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ATLtransit Puts Atlanta Suburbs On Track To Better Transit Options

A MARTA rapid transit train

The Greater Atlanta region has had a transportation problem. The transit options in place have been fragmented, and MARTA, the transit system that transports riders to and from Atlanta, has only served three surrounding counties. Residents need a system that would get them from county to county quickly and efficiently. 

Georgia state Sen. Brandon Beach wanted to see for himself how much work the system needed. He embarked on a public transportation journey from Kennesaw State University in Cobb County to the Infinite Energy Arena in Gwinnett County. While only 38 miles apart, the trip lasted three and a half hours. By car, the same trip is just over an hour. 

The problem, Beach found, was a lack of communication between transit systems. While each system worked well individually, they were not working together to create a seamless user experience.

“If we want to provide successful travel options to the people of Georgia, our systems need to collaborate and communicate better," he said. 

His solution is ATLtransit, a joint project that will streamline metro Atlanta’s major transit agencies and provide an efficient travel experience for riders. ATLtransit works in partnership with MARTA, CobbLinc, Gwinnett County Transit and GRTA Xpress to provide a network of transit options to the residents of the Atlanta area. Spearheaded by the Regional Transit Committee, a policy committee of the Atlanta Regional Commission, the goal is to get more people riding public transportation. 

Embracing Technology

The first plan of action was to put all of the region’s transit information in one place. is a one-stop shop where people can plan their trip, get service updates, access real-time arrival and departure information, and explore fare payment options. 

This is an upgrade from the metro Atlanta region’s previous system, where each transit service lived on a different website. Now, there is a place where people can purchase tickets for each service and figure out how to get from point A to point B.

The payment process is also becoming more seamless. MARTA’s Breeze card can now be used as a payment method for any combination of MARTA rail and local and express buses in the Atlanta region.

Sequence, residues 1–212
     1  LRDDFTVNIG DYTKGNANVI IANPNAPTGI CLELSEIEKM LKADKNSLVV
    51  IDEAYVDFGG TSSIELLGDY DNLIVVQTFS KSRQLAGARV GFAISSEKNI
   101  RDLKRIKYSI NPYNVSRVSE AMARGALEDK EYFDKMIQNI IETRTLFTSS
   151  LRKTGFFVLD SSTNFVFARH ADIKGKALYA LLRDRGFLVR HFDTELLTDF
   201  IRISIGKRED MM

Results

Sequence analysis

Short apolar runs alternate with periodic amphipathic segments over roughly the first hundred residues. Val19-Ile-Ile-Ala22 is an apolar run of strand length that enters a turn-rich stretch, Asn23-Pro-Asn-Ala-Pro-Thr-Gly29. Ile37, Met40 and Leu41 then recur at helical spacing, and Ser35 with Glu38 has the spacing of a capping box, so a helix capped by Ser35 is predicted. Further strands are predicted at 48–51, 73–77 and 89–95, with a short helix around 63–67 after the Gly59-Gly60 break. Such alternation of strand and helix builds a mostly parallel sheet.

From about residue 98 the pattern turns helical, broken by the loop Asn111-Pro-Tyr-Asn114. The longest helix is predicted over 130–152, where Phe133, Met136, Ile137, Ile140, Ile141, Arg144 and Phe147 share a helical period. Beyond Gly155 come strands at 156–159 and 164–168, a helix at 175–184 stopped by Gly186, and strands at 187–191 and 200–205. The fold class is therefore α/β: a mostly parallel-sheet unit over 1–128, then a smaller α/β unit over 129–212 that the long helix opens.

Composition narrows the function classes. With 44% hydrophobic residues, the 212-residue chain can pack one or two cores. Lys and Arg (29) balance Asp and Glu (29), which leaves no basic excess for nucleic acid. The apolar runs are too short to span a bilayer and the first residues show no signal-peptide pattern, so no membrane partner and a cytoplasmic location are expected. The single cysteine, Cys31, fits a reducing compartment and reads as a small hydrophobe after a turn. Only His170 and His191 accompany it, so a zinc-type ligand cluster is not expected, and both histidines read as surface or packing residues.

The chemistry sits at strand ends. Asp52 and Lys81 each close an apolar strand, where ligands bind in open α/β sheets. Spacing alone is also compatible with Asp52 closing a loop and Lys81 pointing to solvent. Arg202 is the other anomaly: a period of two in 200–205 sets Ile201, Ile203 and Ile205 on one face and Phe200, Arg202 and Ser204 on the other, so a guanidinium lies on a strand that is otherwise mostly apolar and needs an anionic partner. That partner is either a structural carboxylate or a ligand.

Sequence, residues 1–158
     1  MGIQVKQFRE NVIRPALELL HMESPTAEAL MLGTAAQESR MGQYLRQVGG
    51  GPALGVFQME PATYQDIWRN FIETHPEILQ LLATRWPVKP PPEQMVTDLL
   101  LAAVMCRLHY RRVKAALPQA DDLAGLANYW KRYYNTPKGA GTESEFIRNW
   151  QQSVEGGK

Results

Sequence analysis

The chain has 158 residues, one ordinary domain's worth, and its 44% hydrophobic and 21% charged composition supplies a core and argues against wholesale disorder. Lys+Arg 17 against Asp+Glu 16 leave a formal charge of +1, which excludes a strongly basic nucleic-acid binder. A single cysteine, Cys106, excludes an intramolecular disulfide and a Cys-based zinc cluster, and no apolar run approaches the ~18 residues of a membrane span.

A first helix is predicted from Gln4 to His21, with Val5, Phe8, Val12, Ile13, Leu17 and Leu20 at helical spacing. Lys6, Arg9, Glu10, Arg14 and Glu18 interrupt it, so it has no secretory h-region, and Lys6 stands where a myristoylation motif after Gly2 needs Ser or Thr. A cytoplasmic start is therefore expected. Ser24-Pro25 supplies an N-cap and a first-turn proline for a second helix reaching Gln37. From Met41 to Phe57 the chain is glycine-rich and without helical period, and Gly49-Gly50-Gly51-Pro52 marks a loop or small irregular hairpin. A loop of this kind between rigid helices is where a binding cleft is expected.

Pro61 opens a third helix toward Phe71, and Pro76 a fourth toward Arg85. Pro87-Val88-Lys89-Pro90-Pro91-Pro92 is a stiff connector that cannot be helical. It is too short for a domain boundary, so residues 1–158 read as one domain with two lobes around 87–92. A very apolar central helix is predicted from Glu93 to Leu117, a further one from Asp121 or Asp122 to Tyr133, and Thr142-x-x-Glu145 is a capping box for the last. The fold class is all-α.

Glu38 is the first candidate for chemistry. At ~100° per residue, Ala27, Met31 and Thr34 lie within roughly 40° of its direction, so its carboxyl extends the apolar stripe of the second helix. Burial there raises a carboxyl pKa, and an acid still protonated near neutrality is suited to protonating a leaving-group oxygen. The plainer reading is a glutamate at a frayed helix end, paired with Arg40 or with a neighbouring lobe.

“We are continuing to improve the site, and over the next couple years, we hope to implement live timetables and mobile-friendly experiences that are reliable and accurate,” Beach said. “Our goal is to create a system where citizens can go to a website and plan a trip, and get there in a safe, clean and efficient manner.”


A Better Commute

This change could have several economic development implications. More companies are moving their offices closer to employees. A better transportation system could improve employee commutes and bring more companies to the suburbs.

Athenahealth, for example, once leased space in North Fulton County, but moved closer to their employees upon discovering many staff members were struggling with the commute. 

“People couldn’t get up to North Fulton unless they drove,” Beach said. “But even still, there was too much traffic. I think the ATL will allow us to attract and retain more people and more companies.”

In a part of Georgia where most people currently commute by car, Beach hopes the ATL program will be easy and convenient enough that people will choose public transportation over car travel.

The initiative was also designed to support a working commute. The Regional Transit Committee has big plans to improve WiFi throughout the tunnels, so commuters can be on their phone or laptop without losing service. This would allow riders to enhance productivity by beginning their workday early or finishing up the day during their commute home. 

A Case Study For Further Development

The ATL is just one example of how developers and city planners are working together to build communities through public transportation. As public transit becomes more reliable in neighborhoods and business districts across the U.S., it is starting to shape the communities it serves and impacting development and land use. But it is just a small piece of the puzzle to drive growth.

“When it comes to economic development and improving quality of life for residents, there is no one silver bullet,” Beach said. “We’re not only looking at a unified transit system, but also a combination of infrastructure improvements to roads and bridges, and smart city initiatives. There’s a long way to go, but with ATL we’ve taken the first step toward getting there.”

This feature was produced in collaboration between Bisnow Branded Content and North Fulton CID. Bisnow news staff was not involved in the production of this content.